Day 90: Living On An Island

Sun. 11th November 2012

Typical coastline hereIt is starting to sink in that we are getting close to the end of our trip with G Adventures as we drive up the coast from Paraty to Ihla Grande (Big Island), the penultimate stop on our trip. As we started out, a 45 day trip seemed an enormous time but the days have gone so quickly and we have got to know each other so well – and got on so well, it will be strange when it ends and we are on our own again.

At the beachAs we suspected the other day (at the end of our marathon bus journey) it is a pretty coastline. The steep sided, tree covered, hills roll down to the sea and then out into the sea as the coast is dotted with islands big and small. The horizontal coastline mirrors the vertical – no straight lines here – and the road has to weave its way around bays and over headlands. We gaze out of the window of the minibus watching the landscape pass, brain mostly switched off.

Angra dos Reis - A little fishing portFortunately, we only had a couple of hours in the bus before we arrived in Angra dos Reis for the short boat trip out to Abraão, the only town (village?) on Ihla Grande. On the trip across, and then even more so as we arrive and walk through the narrow streets of Abraão to our hotel, is that this is like a smaller version of Isla Mujeres (back in Day 34 – gosh, that seems a long time ago). It is not just that we had a catamaran for the transfer, but the whole feel of the town with the street facing the beach lined with a mix of restaurants, dive shops and t-shirt and tat shops. Everything, though, is on a much smaller scale – smaller catamaran, fewer people, fewer shops.

Accommodation in little wooden chaletsOur poussada (guest house) turns out to be a set of wooden cabins sprawling in gardens on the outskirts of town. Definitely pretty enough and comfortable enough for the couple of days we will be here. After dumping the bags in our cabin, it is time to explore the town and the island – and as a first priority, grab some lunch. We stop off at a ‘kilo restaurant’ – essentially a buffet where, after you have loaded your plate, you plonk it on a set of scales and then pay by the weight of food on the plate. Quite a good idea all in all – service is quick and you only pay for what you want.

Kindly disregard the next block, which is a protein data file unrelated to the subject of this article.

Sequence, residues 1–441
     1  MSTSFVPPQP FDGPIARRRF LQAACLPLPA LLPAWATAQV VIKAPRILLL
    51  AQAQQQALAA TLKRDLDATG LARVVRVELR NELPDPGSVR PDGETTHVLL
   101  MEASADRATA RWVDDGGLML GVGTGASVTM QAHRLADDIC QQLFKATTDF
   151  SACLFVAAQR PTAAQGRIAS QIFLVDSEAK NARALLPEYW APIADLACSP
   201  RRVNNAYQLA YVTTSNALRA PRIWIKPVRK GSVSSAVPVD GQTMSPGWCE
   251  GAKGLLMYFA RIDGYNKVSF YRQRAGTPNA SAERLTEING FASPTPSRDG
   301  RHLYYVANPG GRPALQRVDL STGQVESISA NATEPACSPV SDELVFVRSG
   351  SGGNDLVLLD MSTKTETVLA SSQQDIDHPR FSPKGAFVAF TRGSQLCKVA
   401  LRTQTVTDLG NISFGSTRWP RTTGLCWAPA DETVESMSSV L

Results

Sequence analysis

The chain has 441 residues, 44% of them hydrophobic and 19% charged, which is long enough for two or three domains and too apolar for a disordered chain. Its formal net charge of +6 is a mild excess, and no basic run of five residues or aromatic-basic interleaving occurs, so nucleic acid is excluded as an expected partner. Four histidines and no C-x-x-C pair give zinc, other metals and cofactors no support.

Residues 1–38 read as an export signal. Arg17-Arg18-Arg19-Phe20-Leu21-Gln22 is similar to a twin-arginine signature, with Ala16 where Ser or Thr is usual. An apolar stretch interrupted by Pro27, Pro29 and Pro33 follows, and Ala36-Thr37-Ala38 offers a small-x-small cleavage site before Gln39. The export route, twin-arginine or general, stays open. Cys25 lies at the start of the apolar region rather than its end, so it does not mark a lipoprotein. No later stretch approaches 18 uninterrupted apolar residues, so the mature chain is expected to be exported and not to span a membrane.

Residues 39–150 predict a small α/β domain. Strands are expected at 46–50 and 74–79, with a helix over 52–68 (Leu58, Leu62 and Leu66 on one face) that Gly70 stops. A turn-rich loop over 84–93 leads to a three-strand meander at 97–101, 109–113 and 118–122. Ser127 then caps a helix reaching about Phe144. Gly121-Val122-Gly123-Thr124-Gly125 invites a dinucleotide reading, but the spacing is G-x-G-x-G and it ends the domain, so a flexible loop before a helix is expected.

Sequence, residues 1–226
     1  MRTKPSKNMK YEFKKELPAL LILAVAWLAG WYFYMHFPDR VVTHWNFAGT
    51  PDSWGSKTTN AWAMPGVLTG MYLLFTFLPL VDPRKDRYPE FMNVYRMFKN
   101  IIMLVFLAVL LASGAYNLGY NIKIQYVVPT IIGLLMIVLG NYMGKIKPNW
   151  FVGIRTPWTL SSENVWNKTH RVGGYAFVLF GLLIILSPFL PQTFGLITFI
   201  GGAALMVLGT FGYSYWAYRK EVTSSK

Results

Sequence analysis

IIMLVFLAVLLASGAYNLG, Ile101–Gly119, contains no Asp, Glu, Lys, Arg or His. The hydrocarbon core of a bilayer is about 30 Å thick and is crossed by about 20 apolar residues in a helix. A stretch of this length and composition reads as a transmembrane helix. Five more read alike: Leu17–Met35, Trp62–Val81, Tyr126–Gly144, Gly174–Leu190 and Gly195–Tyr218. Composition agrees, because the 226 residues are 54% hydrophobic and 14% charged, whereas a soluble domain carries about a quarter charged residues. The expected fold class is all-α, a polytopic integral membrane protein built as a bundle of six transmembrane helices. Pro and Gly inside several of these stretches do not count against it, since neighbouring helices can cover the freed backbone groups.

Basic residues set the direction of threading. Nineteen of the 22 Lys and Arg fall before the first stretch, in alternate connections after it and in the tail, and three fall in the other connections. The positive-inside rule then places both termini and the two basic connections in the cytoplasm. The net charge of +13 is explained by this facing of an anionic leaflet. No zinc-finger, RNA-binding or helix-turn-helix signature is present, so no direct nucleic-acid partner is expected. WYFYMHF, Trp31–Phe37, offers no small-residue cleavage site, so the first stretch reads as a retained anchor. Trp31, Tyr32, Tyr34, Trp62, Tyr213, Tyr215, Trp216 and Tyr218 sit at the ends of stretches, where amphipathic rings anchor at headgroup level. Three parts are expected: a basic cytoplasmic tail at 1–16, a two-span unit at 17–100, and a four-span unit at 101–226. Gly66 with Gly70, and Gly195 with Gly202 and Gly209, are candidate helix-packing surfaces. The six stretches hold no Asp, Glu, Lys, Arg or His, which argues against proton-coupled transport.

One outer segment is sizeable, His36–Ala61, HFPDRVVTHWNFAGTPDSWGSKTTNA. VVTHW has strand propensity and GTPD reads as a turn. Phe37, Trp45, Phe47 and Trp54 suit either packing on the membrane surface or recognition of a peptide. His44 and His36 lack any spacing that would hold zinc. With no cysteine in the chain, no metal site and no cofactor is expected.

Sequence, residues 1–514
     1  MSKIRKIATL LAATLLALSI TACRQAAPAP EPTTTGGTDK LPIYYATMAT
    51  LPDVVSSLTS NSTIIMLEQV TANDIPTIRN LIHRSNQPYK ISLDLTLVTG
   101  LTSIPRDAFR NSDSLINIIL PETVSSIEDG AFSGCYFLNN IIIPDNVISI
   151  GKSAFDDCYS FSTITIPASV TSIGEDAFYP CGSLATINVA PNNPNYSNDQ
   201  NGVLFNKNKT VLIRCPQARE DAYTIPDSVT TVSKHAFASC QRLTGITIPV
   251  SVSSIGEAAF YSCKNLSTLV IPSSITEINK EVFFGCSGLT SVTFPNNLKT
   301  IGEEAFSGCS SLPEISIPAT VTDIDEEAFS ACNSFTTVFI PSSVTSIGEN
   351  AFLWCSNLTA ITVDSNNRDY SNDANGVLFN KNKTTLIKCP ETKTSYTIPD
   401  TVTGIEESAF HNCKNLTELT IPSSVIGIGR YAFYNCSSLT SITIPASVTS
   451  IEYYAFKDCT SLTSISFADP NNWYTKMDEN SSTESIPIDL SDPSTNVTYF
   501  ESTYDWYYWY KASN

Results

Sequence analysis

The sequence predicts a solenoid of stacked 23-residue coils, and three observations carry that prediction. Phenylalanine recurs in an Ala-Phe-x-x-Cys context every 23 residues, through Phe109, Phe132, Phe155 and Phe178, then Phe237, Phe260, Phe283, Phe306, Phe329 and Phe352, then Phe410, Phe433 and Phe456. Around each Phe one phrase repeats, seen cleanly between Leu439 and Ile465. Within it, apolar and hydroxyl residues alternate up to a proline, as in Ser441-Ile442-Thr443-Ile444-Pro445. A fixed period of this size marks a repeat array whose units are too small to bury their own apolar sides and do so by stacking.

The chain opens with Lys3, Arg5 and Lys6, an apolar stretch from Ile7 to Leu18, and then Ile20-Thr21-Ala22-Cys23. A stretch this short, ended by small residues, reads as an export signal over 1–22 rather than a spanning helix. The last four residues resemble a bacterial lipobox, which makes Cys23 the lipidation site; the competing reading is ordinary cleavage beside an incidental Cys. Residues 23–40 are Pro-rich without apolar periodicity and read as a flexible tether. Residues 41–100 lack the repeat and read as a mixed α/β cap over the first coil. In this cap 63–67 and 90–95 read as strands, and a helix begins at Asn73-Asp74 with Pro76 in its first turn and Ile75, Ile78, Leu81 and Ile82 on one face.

Aquaduct - still in use todayThe island is well provided with beaches and with walking trails that connect them and so, feeling refreshed after lunch, we head out on one of the shorter trails to see what we can see. Our walk takes us out of town along the coast to Praia Preta (Black Beach – so called for the colour of, some of, the sand) and then inland and back along past an aquaduct, a rock pool, and some look out points. Only 2 or 3km of pretty easy walking but it was good to be out and stretching our legs. I certainly felt like I deserved an ice-cream and so we stopped at a sorveteria on our way back from town – this time, it was ice cream bought by weight. I restrained myself by sticking to a small bowl.

Even the church is illuminated at nightWhilst the ice cream was definitely a good idea, stopping at the supermarket to buy some of the local firewater at R$3 (£1) for a 50cl plastic bottle was perhaps a less good wheeze. The clues were in the price and the container. Still, lying in the hammock on our veranda with Kindle in one hand and coke & firewater cocktail in the other made for a very relaxing end to the afternoon.

Restaurant on the beach - always a good idea!In the evening, our group meal was at a beachside restaurant on a long table running down to the sand, with the sea noises in the background, illuminated parasols and lights wrapped around the palm-trees and a musicians playing guitar and bass. Excellent surroundings for one of our last meals together – and all the better when the musicians did a very passable version of Pink Floyd’s ‘Wish You Were Here’. Later in the evening, the musical theme continued as further along the beach there was a small group playing Bob Marley songs – wrong hemisphere, but right ocean, right ambience and nicely played on a single acoustic guitar and 4 guys on percussion. Definitely a chilled out end to the day.

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